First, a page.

21.03.2018 | American Chemical Society
New 4-D printer could reshape the world we live in
21.03.2018 | American Chemical Society
In just a few weeks from now, the Chinese space station Tiangong-1 will re-enter the Earth's atmosphere where it will to a large extent burn up. It is possible that some debris will reach the Earth's surface. Tiangong-1 is orbiting the Earth uncontrolled at a speed of approx. 29,000 km/h.Currently the prognosis relating to the time of impact currently lies within a window of several days. The scientists at Fraunhofer FHR have already been monitoring Tiangong-1 for a number of weeks with their TIRA system, one of the most powerful space observation radars in the world, with a view to supporting the German Space Situational Awareness Center and the ESA with their re-entry forecasts.
Following the loss of radio contact with Tiangong-1 in 2016 and due to the low orbital height, it is now inevitable that the Chinese space station will...
Fraunhofer Institute for Organic Electronics, Electron Beam and Plasma Technology FEP, provider of research and development services for OLED lighting solutions, announces the founding of the “OLED Licht Forum” and presents latest OLED design and lighting solutions during light+building, from March 18th – 23rd, 2018 in Frankfurt a.M./Germany, at booth no. F91 in Hall 4.0.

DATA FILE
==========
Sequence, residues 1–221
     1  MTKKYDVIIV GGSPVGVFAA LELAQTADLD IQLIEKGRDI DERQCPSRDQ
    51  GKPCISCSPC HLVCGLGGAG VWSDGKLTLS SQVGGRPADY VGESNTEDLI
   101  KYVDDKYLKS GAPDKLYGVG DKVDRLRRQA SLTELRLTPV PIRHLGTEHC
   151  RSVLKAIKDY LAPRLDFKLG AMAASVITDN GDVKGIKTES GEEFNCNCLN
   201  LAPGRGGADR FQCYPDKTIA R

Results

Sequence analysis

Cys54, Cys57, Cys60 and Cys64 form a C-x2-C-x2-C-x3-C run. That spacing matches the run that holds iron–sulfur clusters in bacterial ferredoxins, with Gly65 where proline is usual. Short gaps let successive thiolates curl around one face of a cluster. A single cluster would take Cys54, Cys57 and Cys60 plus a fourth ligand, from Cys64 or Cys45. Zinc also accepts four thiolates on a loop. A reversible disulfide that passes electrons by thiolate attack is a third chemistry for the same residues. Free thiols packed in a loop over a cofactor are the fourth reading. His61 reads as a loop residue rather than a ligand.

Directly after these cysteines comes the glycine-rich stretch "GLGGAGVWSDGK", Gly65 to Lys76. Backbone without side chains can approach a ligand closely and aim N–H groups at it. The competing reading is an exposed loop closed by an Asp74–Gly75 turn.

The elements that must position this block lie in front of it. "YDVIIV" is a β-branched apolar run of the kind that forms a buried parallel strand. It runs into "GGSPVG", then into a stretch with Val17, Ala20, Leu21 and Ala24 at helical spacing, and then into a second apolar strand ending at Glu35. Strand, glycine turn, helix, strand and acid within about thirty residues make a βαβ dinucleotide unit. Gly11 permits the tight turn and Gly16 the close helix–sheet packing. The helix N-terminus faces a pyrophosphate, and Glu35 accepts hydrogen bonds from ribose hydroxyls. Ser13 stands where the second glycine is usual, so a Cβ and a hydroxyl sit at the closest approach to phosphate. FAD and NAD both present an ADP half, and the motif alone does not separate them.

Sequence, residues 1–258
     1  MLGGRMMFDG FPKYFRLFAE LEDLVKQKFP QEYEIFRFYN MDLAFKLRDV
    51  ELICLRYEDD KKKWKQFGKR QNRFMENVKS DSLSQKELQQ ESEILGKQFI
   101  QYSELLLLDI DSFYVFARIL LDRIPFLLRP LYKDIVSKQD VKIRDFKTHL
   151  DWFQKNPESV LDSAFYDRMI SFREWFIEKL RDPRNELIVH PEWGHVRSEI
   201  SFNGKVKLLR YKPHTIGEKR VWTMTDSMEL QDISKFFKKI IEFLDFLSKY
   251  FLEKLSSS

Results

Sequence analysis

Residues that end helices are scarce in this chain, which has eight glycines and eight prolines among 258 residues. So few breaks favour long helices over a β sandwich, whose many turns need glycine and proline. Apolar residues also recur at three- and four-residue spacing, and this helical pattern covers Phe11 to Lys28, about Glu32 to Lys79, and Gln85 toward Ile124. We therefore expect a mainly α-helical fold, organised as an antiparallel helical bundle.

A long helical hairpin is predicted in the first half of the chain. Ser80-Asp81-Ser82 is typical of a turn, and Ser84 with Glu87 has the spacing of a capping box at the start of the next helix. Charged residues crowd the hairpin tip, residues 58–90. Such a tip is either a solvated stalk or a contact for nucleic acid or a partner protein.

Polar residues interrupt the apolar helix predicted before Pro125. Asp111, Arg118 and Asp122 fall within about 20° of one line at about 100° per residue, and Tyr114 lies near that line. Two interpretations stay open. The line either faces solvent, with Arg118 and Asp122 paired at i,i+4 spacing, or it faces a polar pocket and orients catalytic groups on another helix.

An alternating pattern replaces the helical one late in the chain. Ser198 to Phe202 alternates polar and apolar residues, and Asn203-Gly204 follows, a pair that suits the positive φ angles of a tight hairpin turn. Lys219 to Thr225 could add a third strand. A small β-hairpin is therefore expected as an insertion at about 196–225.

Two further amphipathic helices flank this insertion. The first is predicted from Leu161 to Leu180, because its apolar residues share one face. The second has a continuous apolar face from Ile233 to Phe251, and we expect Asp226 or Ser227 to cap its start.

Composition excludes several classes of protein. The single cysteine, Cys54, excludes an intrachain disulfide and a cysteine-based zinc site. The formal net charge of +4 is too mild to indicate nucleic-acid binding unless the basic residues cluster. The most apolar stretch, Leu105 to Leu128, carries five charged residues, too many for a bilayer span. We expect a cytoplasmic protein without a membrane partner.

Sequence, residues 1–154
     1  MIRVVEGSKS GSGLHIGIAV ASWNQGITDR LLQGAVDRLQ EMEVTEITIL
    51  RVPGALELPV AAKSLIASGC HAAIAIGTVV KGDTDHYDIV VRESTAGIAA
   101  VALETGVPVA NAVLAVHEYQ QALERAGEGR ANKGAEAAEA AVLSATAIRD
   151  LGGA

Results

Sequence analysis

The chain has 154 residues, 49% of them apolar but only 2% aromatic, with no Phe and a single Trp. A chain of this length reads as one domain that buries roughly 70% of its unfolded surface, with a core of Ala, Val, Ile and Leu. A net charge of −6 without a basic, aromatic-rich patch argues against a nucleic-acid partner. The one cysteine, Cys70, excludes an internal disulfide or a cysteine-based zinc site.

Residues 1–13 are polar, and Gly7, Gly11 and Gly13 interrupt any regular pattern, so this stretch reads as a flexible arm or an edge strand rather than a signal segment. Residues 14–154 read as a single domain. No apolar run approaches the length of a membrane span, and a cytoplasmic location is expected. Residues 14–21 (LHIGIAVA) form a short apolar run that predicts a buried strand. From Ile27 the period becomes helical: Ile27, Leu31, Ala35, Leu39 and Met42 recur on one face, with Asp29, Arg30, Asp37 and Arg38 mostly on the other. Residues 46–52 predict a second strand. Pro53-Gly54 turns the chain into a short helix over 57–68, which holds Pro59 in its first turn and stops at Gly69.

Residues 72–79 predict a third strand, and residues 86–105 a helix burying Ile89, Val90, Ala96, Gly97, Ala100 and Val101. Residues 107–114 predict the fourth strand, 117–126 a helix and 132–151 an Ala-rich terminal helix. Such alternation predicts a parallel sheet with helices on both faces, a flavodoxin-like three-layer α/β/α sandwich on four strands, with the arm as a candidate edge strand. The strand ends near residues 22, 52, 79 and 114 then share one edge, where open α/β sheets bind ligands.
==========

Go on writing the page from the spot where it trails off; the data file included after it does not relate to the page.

They are united in their passion for OLED (organic light emitting diodes) lighting with all of its unique facets and application possibilities. Thus experts in...
A new scenario seeking to explain how Mars' putative oceans came and went over the last 4 billion years implies that the oceans formed several hundred million...
For the first time, an interdisciplinary team from the University of Basel has succeeded in integrating artificial organelles into the cells of live zebrafish embryos. This innovative approach using artificial organelles as cellular implants offers new potential in treating a range of diseases, as the authors report in an article published in Nature Communications.
In the cells of higher organisms, organelles such as the nucleus or mitochondria perform a range of complex functions necessary for life. In the networks of...
Animal photoreceptors capture light with photopigments. Researchers from the University of Göttingen have now discovered that these photopigments fulfill an...
19.03.2018 | Event News
16.03.2018 | Event News
13.03.2018 | Event News
21.03.2018 | Physics and Astronomy
21.03.2018 | Materials Sciences
21.03.2018 | Life Sciences